Too much to swallow 

25 February 2009

ITV proposes merger with Channel 4 and Five to create broadcasting giant

In a way you can kind of see the business logic in this idea, namely one large commercial broadcaster that’s fit to take on BSkyB and the BBC with equal gusto as well as possibly being able to come up with some of those big budget dramas for export that ITV keeps on dreaming of but never actually promising to deliver.

However there are numerous bad omens based on historical precedent surrounding such a possibility, notably that ITV plc has already jettisoned most if not all of the baggage that was associated with the old regional franchises, and Channel 4 plus Five’s resources will presumably be next to be asset stripped if such a “mega-merger” ever saw the light of day.

Based solely on recent events, ITV plus Channel 4 plus Five is very likely to end up being a major and very messy logistical and legislative nightmare, plus if Channel 4 and Five were already starting to drown then combining them with ITV could cause all three to sink into oblivion together. Faster.

If that doesn’t happen, at the very least you will end up with one major commercial broadcaster commissioning one set of programmes based on one set of expectations, and the temptation to save money through drastically cutting back on programme production would be far too great to ignore.

I think that the lessons surrounding programme diversity – or lack of it – caused by one broadcaster replacing several have now been learnt in the aftermath of the ITV regional franchise dismantling process, and this has been evident in the recent desire to somehow preserve some semblance of public service broadcasting diversity.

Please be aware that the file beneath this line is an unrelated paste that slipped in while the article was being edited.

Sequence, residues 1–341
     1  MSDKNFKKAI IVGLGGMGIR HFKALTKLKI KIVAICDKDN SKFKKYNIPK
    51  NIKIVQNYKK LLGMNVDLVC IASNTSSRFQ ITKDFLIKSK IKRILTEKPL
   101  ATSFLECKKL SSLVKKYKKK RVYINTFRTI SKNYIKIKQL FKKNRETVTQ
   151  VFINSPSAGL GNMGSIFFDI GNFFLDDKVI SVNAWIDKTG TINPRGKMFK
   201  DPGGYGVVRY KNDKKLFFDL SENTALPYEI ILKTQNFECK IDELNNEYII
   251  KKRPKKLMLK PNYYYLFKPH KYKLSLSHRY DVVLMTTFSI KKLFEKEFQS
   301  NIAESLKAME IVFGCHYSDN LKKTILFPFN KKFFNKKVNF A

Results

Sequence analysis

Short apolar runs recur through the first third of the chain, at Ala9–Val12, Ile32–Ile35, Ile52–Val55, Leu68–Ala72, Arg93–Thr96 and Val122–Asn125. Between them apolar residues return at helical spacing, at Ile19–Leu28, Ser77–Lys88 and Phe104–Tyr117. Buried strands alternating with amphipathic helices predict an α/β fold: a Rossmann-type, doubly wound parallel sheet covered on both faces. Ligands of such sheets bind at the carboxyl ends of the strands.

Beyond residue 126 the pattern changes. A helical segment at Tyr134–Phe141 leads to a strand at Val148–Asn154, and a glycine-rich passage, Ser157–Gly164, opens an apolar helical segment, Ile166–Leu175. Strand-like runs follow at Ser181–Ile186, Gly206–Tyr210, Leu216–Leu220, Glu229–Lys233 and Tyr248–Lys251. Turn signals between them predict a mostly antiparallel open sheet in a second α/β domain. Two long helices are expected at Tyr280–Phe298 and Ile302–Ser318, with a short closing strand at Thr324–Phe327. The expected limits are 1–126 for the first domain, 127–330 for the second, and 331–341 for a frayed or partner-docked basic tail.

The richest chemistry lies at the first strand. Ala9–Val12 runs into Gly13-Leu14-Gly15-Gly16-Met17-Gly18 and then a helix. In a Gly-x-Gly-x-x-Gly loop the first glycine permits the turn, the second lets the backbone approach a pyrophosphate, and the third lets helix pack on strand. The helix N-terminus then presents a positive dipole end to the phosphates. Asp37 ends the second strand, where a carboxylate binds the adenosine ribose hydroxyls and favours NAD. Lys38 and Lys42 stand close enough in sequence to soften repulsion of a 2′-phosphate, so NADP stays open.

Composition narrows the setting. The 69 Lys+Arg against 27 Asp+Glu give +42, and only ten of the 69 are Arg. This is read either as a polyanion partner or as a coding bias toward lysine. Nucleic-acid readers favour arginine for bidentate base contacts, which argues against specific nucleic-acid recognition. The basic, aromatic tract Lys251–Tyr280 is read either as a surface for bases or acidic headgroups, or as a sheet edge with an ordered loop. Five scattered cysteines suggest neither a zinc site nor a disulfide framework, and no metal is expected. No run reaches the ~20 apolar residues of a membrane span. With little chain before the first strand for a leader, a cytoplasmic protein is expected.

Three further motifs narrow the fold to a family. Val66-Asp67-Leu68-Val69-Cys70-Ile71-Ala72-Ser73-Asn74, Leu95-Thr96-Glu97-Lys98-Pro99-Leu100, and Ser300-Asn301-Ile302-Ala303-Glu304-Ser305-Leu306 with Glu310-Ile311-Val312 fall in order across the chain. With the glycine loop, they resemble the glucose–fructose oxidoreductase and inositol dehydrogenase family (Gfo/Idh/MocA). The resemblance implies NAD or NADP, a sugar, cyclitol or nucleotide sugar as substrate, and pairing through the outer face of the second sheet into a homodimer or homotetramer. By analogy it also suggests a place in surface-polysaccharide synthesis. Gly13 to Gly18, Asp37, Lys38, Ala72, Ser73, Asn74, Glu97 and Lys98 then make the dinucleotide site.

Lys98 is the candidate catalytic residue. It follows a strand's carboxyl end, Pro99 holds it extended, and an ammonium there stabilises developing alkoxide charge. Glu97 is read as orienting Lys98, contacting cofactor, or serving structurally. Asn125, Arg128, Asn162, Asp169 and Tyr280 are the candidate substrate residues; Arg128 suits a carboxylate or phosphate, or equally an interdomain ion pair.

So from a diversity perspective this proposal is definitely a non-starter, and there are monopoly concerns not just for programme making but also for programme and advertising sales as well; the previous failure of Project Kangaroo does tend to suggest that ITV plc will have its work cut out convincing politicians of any viability of such a major deal.

Ignoring any monopoly and diversity issues, what exactly are the chances of ITV plc realistically joining forces with Channels 4 and Five? Given the parlous state of television advertising, such a major merger isn’t quite as far-fetched as it appears, even allowing for ITV’s weakened state and the presence of that other “bear in the room”, namely RTL.

Whether RTL (Channel Five’s owner) would entertain such a suggestion is another matter, since RTL usually expects to own a dominant TV channel in a particular market. However if Channel Five performs poorly during a protracted recession, RTL could decide to pull out of the UK altogether if no significant further acquisition(s) are possible.

Dawn Airey has now more or less stuck her neck on the line by saying that “Five will get bigger, by hook or by crook”, but if ITV remains too expensive and Channel 4 plays hard to get then RTL may not settle for third best in these circumstances, judging solely from that response.

So Channel Five may be purchasable if RTL loses interest in the UK market, but RTL is definitely interested in buying Channel 4 therefore C4 will also have to be simultaneously unavailable for purchase long enough to put RTL off the scent. This may happen if there’s protracted wrangling over Channel 4’s future caused by numerous factors.

RTL has threatened to report any potential BBC Worldwide-Channel 4 deal to the European Commission for breaching public subsidy rules, although if BBC Worldwide subsidises Channel 4 then it’s just the same as a private company subsidising a public service broadcaster; only the terms of agreement may be up for scrutiny in this case.

Alternatively RTL may tactically decide to pull out of the UK market prematurely with the hope of reentering at a later date in order to pick up the pieces of any failed merger, but by doing so it also runs the risk of being locked out of the UK commercial television market permanently.

Plus if Channel Five was to come up for sale, ITV would need to come up with the purchase price – perhaps facing a bidding war with other broadcasters in the process – as well as Channel 4 presumably being unwilling to contribute to such a deal on its own accord under its current management.

So all things considered, the chances of such a “mega-merger” actually taking place are actually very slim to none whatsoever, which is just as well given the potential for disaster that awaits if such a deal was ever to see the light of day.